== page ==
Where have all the skills gone? 

Last autumn, the Institute of Environmental Management and Assessment (IEMA) brought us the stunning statistic that only 13% of businesses are confident that they have the skills to successfully compete in a modern sustainable economy. Earlier in the year, the Institute for Engineering and Technology (IET) had reported that an enormous 60% of the engineering companies that they surveyed actually saw the shortage of engineers as a threat to their business. Allied to that, the IET also reported that 44% of engineering employers thought that new recruits’ skill levels didn’t meet reasonable expectations. 

This evidence of a present and growing skills gap which threatens the growth – and perhaps even the future – of companies reflects the experience of Employer First. In discussions about what holds engineering and manufacturing businesses back, the issues surrounding the looming skills gap due to an ageing manufacturing/engineering workforce and an under-investment in traditional manufacturing skills 15 to 20 years ago, are at the forefront of discussions. Employer First was established in April 2014 as an employer-led response to these skills issues of the low carbon sector, particularly among small and medium size enterprises (SMEs). 

The sector needs to find ways to not only replace these skills but also bring in the additional skills that are needed to support the growth in low carbon companies to meet the goals of a sustainable economy. The skills sets lacking in the low-carbon sector are the same as those reported by the IEMA more generally. The sector needs core science, technology, engineering and maths (STEM) skills to drive the innovation which enables traditional firms to diversify and develop competitive products in response to a fast evolving market, and which in turn enables the UK economy to achieve sustainability.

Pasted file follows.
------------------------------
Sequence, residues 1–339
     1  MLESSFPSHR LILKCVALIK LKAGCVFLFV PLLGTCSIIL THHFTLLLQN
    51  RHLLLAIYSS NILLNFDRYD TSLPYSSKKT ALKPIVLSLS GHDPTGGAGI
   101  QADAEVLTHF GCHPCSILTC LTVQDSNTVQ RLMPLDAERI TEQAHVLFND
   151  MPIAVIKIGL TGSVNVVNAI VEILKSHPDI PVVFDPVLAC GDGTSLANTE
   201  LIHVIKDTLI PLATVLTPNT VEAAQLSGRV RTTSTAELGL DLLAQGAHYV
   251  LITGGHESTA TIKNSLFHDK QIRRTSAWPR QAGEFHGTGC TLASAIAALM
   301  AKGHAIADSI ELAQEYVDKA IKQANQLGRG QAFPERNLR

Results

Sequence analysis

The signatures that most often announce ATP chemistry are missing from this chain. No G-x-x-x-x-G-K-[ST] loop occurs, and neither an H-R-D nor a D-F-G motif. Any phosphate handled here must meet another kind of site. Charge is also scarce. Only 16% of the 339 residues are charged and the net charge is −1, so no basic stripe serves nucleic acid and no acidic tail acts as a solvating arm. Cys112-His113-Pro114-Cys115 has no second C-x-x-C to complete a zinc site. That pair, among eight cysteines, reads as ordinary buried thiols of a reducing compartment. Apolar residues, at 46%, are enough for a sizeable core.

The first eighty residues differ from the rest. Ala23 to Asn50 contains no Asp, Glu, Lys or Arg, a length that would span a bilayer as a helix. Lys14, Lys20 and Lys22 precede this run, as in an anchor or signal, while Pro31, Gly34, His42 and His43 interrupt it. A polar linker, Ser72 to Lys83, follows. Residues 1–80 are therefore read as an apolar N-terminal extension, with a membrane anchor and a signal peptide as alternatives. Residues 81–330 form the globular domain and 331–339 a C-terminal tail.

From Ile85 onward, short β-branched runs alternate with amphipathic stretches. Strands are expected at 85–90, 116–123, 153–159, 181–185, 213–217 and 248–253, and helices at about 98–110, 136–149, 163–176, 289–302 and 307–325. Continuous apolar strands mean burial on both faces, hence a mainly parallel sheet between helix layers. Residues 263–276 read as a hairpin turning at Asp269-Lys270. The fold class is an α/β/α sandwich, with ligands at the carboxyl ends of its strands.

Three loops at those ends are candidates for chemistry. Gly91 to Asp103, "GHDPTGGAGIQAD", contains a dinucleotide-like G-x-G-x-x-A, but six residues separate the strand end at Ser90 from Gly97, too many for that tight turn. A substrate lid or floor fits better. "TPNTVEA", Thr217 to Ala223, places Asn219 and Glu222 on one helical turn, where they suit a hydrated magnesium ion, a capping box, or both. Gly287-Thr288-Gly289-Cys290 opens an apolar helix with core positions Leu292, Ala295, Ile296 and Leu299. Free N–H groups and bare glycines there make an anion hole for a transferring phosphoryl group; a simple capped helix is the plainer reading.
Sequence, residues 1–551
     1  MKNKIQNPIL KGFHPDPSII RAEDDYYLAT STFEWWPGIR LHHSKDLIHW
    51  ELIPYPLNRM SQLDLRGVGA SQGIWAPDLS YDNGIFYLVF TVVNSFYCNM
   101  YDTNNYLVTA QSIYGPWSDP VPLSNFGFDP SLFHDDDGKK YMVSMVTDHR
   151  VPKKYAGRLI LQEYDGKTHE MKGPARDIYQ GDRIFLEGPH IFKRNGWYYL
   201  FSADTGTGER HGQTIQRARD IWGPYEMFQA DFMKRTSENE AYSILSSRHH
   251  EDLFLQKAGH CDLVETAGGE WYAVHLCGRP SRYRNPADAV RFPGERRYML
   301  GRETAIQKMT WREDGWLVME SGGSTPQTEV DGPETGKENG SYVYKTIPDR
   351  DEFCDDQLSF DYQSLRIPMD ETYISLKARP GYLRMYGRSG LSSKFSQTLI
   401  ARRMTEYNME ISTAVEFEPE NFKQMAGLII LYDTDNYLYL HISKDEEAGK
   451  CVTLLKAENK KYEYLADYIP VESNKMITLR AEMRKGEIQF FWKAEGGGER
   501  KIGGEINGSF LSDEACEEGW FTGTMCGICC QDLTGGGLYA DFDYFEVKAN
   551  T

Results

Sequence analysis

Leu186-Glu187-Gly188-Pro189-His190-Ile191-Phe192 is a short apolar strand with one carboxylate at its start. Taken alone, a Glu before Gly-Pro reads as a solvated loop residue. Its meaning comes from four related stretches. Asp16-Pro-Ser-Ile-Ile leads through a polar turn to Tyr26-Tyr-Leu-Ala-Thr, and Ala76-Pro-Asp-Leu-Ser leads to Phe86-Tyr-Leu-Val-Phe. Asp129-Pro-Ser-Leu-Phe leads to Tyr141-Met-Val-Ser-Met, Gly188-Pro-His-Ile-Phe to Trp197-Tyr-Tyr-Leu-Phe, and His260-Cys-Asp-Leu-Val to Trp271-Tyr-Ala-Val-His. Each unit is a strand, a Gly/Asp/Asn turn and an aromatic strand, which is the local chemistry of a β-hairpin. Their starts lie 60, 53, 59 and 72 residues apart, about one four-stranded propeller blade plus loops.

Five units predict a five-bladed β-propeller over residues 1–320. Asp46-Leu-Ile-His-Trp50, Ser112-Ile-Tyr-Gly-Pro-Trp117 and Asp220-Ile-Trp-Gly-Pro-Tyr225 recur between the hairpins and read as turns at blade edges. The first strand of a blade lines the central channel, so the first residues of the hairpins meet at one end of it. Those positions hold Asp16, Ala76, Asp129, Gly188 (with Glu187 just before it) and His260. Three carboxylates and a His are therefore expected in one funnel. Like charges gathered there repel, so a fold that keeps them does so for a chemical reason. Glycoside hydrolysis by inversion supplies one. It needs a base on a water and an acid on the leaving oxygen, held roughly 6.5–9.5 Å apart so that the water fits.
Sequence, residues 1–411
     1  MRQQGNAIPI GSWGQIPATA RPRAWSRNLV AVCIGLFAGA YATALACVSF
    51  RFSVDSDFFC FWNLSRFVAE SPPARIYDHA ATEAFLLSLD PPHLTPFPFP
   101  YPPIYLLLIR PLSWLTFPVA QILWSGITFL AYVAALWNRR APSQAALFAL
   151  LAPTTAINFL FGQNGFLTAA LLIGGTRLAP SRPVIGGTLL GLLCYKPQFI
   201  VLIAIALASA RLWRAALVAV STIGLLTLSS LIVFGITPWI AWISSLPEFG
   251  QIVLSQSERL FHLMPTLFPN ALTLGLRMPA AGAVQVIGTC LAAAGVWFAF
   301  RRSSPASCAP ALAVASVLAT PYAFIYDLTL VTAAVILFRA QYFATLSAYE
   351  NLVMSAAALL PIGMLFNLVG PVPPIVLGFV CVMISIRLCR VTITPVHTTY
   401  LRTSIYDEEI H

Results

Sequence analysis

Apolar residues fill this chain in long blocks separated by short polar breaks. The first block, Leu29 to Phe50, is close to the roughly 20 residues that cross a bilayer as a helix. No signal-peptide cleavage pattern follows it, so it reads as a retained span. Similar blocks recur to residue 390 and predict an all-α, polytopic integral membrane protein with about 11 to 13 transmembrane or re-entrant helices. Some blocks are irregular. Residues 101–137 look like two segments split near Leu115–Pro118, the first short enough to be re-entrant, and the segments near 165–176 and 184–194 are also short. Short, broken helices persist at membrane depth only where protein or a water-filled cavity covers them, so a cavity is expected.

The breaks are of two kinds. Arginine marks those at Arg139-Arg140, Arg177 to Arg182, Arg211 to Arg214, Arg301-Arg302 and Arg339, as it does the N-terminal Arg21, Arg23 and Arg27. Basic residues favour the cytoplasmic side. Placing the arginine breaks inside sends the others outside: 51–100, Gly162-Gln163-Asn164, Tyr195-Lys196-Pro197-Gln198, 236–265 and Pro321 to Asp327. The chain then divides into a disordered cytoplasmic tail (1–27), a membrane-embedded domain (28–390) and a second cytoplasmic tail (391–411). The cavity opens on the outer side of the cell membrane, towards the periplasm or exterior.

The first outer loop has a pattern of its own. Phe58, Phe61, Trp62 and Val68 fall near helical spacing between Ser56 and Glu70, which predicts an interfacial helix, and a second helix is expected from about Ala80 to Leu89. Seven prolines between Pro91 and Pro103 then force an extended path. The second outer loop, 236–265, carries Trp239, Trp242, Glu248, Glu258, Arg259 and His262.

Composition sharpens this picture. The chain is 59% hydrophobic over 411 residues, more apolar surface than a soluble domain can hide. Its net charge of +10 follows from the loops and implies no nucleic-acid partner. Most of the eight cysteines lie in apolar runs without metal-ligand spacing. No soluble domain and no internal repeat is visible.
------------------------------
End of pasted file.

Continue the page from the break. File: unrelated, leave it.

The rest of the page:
Overcoming the skills gap 

The proximity of the skills crisis has focused minds on solutions and we are finding that companies are very committed to taking action, even amongst SMEs who make up 93% of businesses in the low-carbon sector. SMEs are traditionally reluctant to invest in skills development but, for example, Employer First is finding little resistance to apprenticeships from SMEs, with engineering businesses seeming to buck the trend which suggests that uptake of apprentices is much lower in SMEs than in larger businesses. 

Having an open skills market can create confusion for the employer unless they are able to make informed decisions and many SMEs don’t have this capability, as gathering information is resource intensive. Having an informed, responsive and impartial support structure is critical. 

There are three key areas which must be tackled to overcome the skills gap. Firstly, in the immediate term, ways need to be found to work effectively despite the current shortage of skills. Secondly, effort needs to be made on initiatives to close the current gap. And thirdly, real action to close future gaps needs to be implemented by seeking to inspire young people into STEM careers. 

Here’s a closer look at the progress we are seeing in each of these areas. 

1) Working within the skills gap limitation 

A core tool for a company faced with skills issues is the skills diagnostic. We are encouraging our members to utilise an independent professional to analyse their companies and to identify where there are current and likely future areas of problem. Once the diagnostic has identified the skills problems, the choice for the business is basically to recruit, to provide training to existing staff or to use an apprenticeship to both recruit and train at the same time. 

In all these options we have found that small businesses in particular need specialist help. They do not have the resources to recruit in specialised sectors, and they do not have the networks to be able to access trainers to meet particular needs. As an example, one company in the biogas industry identified the need to train their staff about working in confined spaces and explosive atmospheres, they needed support from Employer First to be able to identify a skilled trainer in this area, something that as an SME they would have found particularly difficult.